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750M genetically modified mosquitoes to be released in Florida (bbc.com)
307 points by airstrike 74 days ago | hide | past | favorite | 147 comments



Whenever this comes up I always find it interesting that nobody comments on the now 60-year ongoing program that eradicated the screwworm fly from the US by doing pretty much the same thing: releasing millions of genetically altered (sterilized by radiation!) screwworms that mate with the native population. I have no comment on the positive or negative outcomes of the environmental modifications that both programs cause, just that it's interesting that there's so much visible backlash against the mosquito program while nobody mentions the screwworm one.


I briefly worked in a leading Biology lab as an undergrad - and this sort of work came up. Genetic modification considered alone is not scary. Gene drives designed for sterilization on the other hand - are.

I was given a long explanation about how gene drives worked and was filled with mild existential terror at how easy it would be to replace "mosquito" with "human". I knew many biologists capable of performing these procedures. It would only take one disgruntled post-doc to really cause humanity existential damage.

https://en.wikipedia.org/wiki/Gene_drive


One post-doc could release 750 million genetically altered humans and we'd be doomed.


I think @reedf1 is talking about the long term damage to a population.

With the gene drive technology, the modified gene is always inherited.

the 750 million number is there to speed up the process.

(This my understanding from reading the first few paragraphs from https://en.wikipedia.org/wiki/Gene_drive)


How exactly would they inherit the genes if it causes sterility?


Sterility is just one example of gene modification.

A harmful modification that doesn't cause sterility will propagate across generations if the indivuals are able to reproduce.

For example a scenario where we see the symptoms but we don't know that they are caused by a gene modification. And where individuals are still able to live and have children.

And I'm not saying that the tech is bad. I'm sure that people can come up with a lot of good use cases.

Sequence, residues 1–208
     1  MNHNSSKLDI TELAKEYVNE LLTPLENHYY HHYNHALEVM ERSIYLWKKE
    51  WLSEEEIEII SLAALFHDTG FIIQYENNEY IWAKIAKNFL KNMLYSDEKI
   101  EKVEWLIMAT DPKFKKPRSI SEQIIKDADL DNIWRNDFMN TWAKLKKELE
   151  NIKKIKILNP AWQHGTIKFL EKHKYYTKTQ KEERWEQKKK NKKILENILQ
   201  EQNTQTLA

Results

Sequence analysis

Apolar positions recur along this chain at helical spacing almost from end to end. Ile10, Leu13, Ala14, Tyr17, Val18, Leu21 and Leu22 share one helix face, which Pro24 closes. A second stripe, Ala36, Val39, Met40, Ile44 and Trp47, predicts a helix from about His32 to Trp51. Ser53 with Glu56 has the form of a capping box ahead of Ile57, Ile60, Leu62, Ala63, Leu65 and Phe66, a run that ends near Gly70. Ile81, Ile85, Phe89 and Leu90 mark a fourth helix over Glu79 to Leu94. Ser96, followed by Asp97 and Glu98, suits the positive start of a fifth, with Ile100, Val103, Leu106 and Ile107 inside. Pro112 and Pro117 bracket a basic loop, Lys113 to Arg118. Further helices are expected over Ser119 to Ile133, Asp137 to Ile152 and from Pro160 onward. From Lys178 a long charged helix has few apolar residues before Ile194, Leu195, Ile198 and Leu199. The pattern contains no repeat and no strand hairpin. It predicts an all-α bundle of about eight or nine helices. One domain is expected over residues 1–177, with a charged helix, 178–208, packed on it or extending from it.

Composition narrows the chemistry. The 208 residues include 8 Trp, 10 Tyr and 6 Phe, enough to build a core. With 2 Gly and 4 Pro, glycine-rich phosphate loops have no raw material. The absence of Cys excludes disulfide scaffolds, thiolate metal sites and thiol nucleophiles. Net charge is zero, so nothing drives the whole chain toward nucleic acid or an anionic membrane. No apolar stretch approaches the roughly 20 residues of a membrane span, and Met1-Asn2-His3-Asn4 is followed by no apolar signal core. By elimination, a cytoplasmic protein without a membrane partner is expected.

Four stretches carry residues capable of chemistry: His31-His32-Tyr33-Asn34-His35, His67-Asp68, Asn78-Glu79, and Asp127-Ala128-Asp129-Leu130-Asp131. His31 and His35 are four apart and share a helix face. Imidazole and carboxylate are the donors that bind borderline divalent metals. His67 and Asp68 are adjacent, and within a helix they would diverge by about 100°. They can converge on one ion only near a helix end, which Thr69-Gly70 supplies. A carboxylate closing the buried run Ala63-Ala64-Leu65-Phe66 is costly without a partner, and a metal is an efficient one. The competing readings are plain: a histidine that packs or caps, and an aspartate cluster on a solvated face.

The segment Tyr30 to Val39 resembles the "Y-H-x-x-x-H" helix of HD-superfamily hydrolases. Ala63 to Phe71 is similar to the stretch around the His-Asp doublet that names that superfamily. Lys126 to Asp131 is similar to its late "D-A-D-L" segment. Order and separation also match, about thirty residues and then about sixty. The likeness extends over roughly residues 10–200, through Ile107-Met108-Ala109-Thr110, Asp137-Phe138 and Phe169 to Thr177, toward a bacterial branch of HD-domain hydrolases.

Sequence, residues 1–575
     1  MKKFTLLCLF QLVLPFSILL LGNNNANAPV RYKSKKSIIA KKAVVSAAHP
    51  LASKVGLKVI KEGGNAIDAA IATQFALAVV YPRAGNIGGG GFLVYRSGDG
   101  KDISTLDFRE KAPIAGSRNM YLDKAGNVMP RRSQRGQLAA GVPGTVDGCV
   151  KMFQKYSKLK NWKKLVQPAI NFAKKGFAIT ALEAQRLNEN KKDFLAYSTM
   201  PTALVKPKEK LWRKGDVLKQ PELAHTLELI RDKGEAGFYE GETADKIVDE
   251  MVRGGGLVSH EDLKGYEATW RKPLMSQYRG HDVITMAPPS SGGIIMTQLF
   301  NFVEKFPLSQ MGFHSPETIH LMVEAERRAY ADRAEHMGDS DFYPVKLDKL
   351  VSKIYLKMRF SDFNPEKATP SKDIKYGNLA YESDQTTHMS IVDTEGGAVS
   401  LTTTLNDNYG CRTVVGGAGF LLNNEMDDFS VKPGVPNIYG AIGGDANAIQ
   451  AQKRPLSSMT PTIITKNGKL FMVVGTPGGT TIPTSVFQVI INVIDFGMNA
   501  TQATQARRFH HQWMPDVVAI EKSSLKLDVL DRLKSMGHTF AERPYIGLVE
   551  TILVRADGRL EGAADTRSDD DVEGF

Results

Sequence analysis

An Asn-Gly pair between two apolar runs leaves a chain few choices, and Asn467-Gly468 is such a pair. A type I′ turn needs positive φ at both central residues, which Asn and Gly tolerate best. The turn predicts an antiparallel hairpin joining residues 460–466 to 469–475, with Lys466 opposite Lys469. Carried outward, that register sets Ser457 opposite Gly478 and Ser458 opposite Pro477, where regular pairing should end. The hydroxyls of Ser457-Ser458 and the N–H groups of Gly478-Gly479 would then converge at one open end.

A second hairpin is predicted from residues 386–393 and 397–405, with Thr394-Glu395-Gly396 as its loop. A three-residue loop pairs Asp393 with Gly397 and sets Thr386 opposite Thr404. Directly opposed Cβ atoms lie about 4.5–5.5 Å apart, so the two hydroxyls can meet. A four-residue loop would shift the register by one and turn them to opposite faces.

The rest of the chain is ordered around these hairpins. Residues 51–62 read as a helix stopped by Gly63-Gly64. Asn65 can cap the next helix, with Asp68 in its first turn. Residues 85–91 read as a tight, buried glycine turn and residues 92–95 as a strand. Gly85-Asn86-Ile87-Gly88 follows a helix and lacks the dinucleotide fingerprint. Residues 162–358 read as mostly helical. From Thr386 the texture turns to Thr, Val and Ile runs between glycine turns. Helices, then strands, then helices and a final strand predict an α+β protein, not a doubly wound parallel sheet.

That's not how evolution works.

If it's harmful, it will get selected against, and will disappear rather rapidly.

There's a reason why they need to release 750 million genetically modified mosquitos, and not just 1.


Does evolution in that manner really apply to humans anymore? I'm basically blind without glasses and I still get to have kids, probably would have died as a useless child in caveman days Edit: I'm downvoted but I'm curious why. It seems to me that modern medicine has eliminated large parts of natural selection for humans. Is that not the case?


Presumably your mental abilities have compensated for your physical issues, thus increasing your fitness. That's valid evolutionary logic as well.


I think it's about that the natural selection applies only to the current environment. We are not to be fit to live in caveman days, but in the modern society. If having a condition does not present an obstacle to navigate the world and mate, then it won't be selected against.


evolution and rapidly don't go together.


Rapidly in evolutionary terms.


Well i’d say the inability to understand probability is a harmful trait but you’re clearly still here and might even have kids. And everyone with asthma, type 1 diabetes, and a tiny dick would like a word with you. Idiot


I'm sorry, it must be tough having those three conditions, but unfortunately that has little to do with what we're discussing.

With 6 billion people in the world today, even if our nefarious post-doc somehow gene-spliced 100 people with a 100% probability transmit of a "bad" recessive gene, it would take so many generations for any effect to be felt.

By then, we can assume, it would be trivial to reverse the "damage" caused. Hence the eye-rolling at the idea that one post-doc could be any serious threat.


I think the idea with gene drive is the offspring are sterile so if you went with one of the genetically modified guys you'd get kids but not grandkids.